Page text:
Double inv(3)(q21q26.2) in acute myeloid leukemia is resulted from an acquired copy neutral loss of heterozygosity of chromosome 3q and associated with disease progression
© Gu et al. 2015
Received: 6 May 2015
Accepted: 4 August 2015
Published: 19 August 2015
Acute myeloid leukemia (AML) with inv(3)(q21q26.2)/t(3;3)(q21;q26.2) is a distinct clinicopathologic entity with a poor prognosis. However, double inv(3)(q21q26.2) is extremely rare in AML. We report here 3 cases analyzed by oligonucleotide microarray comparative genomic hybridization (aCGH) and single nucleotide polymorphism (SNP). Clinicopathologic, cytogenetic and molecular findings were correlated with clinical outcome to better understand the entity.
The study group included one man and two women at 56–74 years of age. The AML arose from myelodysplastic syndrome in one patient and from chronic myelomonocytic leukemia in another patient. Monosomy 7 was found as additional cytogenetic finding in one patient. One patient had a single inv(3) in the initial clone and acquired double inv(3) as part of clonal evolution. EVI1 (MECOM) rearrangement was confirmed using metaphase/interphase fluorescence in situ hybridization (FISH). Microarray (aCGH + SNP) data analysis revealed that the double inv(3) was a result of acquiring copy neutral loss of heterozygosity of chromosome 3q: arr[hg19] 3q13.21q29(10,344,387–197,802,470)x2 hmz, spanning ~ 94.3 Mb in size. Mutational profiling showed a PTPN11 mutation at a low level (~10 %) in one patient and wild type FLT3 and RAS in all patients. No patients achieved cytogenetic remission and all died with an overall survival (OS) of 23, 12 and 5 months, respectively.
Double inv(3) is a result of acquired copy neutral loss of heterozygosity, a somatic repair event occurring as a part of mitotic recombination of the partial chromosome 3q. The double inv(3) in AML patients is highly associated with a rapid disease progression.
The 2008 World Health Organization (WHO) classification recognized acute myeloid leukemia (AML) with inv(3)(q21q26.2) or t(3;3)(q21;q26.2) and GATA1-EVI1(MECOM) rearrangement as a clinicopathologic entity, associated with poor clinical outcomes. This disease accounts for less than 2 % of all cases of AML [1, 2] including de novo and AMLs transformed from myelodysplastic syndrome (MDS) . This cytogenetic abnormality also can occur in blast phase of chronic myelogeneous leukemia (CML) . GATA1-MECOM(EVI1) resulting from inv(3)/t(3;3) is known to play a critical role in the leukomogenesis and highly associated with other chromosomal aberrations such as monosomy 7 or 7q deletion (−7/7q-) or a complex karyotype, although these additional cytogenetic findings do not have independent prognostic value in this entity.
A double inv(3)(q21q26.2) occurs when the paracentric inv(3) involves both chromosome 3 homologues. Double inv(3)(q21q26.2) is an extremely rare event with about 10 cases reported in the literatures, primarily in AML patients [6–9] and very rarely in MDS  or the blast phase in CML [11, 12]. The underlying mechanism for double inv(3) and its clinical impact remains largely unknown.
Although double inv(3) can be detected by the traditional chromosome analysis and/or by fluorescence in situ hybridization (FISH) targeting the MECOM/EVI1 gene locus, both techniques cannot delineate the potential underlying mechanism leading to this abnormality. Earlier studies postulated that the double inversion event could be due to loss of the normal chromosome 3 homolog followed by the duplication of the inverted abnormal chromosome 3 [6, 7]. One recent report using single nucleotide polymorphism (SNP) microarrays revealed evidence of an acquired copy neutral loss of heterozygosity (aCN-LOH) or acquired segmental uniparental disomy (aUPD) of only chromosome 3q, instead of the entire chromosome 3, in a CML patient in blast phase .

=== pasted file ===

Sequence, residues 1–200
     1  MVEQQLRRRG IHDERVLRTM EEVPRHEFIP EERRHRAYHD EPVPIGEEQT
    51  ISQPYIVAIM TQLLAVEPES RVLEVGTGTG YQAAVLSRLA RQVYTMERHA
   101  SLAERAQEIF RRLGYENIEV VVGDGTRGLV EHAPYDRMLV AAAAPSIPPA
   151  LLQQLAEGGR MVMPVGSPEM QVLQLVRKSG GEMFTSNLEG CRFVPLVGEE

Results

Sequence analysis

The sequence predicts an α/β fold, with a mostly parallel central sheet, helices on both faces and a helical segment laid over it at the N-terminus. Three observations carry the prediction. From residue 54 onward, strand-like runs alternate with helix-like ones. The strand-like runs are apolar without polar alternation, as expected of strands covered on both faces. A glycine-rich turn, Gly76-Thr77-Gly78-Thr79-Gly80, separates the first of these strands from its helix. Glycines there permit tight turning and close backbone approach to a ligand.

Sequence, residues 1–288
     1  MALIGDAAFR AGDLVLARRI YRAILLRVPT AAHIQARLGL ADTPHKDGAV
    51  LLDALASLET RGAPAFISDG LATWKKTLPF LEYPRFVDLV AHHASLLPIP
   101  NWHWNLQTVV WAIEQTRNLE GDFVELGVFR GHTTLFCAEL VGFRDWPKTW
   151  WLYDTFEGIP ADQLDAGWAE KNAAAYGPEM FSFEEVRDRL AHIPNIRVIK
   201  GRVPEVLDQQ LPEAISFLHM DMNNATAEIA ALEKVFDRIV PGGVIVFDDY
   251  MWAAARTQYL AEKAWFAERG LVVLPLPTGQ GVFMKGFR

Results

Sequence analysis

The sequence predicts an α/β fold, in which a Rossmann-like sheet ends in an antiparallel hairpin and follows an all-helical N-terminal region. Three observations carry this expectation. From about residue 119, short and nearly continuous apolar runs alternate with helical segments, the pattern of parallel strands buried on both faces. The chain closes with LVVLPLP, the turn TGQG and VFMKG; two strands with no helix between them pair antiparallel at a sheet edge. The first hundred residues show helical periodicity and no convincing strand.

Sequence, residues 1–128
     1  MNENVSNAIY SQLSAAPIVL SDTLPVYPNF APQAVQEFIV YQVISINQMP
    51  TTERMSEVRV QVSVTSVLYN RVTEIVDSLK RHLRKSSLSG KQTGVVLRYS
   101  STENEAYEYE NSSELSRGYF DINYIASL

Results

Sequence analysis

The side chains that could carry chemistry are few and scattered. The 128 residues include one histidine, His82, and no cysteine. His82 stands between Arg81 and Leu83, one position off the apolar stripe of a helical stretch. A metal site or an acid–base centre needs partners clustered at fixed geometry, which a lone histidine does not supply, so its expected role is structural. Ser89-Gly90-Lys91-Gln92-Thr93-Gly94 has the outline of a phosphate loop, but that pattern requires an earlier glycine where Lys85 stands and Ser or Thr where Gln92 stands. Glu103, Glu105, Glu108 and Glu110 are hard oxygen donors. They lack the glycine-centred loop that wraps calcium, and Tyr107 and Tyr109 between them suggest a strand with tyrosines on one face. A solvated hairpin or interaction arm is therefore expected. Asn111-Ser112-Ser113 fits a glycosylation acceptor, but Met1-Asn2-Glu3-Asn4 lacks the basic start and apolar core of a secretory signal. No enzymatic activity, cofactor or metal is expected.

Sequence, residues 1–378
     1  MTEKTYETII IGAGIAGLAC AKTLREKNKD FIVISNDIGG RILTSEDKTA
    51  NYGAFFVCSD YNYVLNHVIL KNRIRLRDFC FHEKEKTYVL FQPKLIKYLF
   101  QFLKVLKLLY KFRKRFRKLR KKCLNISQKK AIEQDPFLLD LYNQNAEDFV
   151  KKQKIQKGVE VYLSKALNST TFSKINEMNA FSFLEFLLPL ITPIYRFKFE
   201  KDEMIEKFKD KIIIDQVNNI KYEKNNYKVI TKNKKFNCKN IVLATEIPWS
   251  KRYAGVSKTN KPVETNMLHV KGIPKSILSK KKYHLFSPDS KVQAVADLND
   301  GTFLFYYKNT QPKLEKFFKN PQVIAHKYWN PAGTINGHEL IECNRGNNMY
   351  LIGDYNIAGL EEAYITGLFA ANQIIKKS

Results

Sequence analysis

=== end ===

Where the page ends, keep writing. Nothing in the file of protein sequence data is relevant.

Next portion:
Single nucleotide polymorphism microarray based technology has clinical utility in the diagnosis and risk stratification of AML patients can identify clinically relevant copy number aberrations and importantly can detect acquired segmental aUPD or aCN-LOH in the tumor genome especially in those myeloid neoplasms with normal karyotypes [13, 14]. The aCN-LOH, resulting from the apparent duplication of oncogenic mutations coupled with the loss of the normal alleles, has been postulated to be associated with myeloid malignancies .
To better understand the clinical features as well as the potential underlying genomic events associated with the unique subgroup of double inv(3) in AML patients, we performed a retrospective data review and aCGH + SNP analysis. We also correlated the clinicopathologic, molecular and cytogenetic data with clinical outcome.
Summary of clinical data
Initial referring diagnosis
MDS-RAEB-2 for <1 month
CMML <3 months
Pancytopenia/thrombocytopenia for one week
Final diagnosis at disease progression
WBC (× 109/L)
Platelets (× 109/L)
Neutrophil percent (%)
Lymphocyte percent (%)
Monocyte percent (%)
BM blasts %
Follow up (months)
ara-C, imatinib vorinostat
Complete Remission (CR)
Stem cell transplant
Overall survival (months)
Summary of cytogenetic and molecular results
aCGH + SNP
monosomy 7 (<10 %)
+ missense mutation at a very low allelic frequency (<10 %)
+ Germline Variant
Patient 1 was a 72 year-old Hispanic man diagnosed with a myelodysplastic syndrome (refractory anemia with excess blasts-2) with ~15 % blast at a local hospital one month prior to his first visit to MDACC. The bone marrow was heypercellular and involved by acute myeloid leukemia with 28 % of blasts. Flow-cytometry immunophenotyping showed that the blasts were positive for CD13, CD33, CD34, CD38, CD117 and HLA-DR.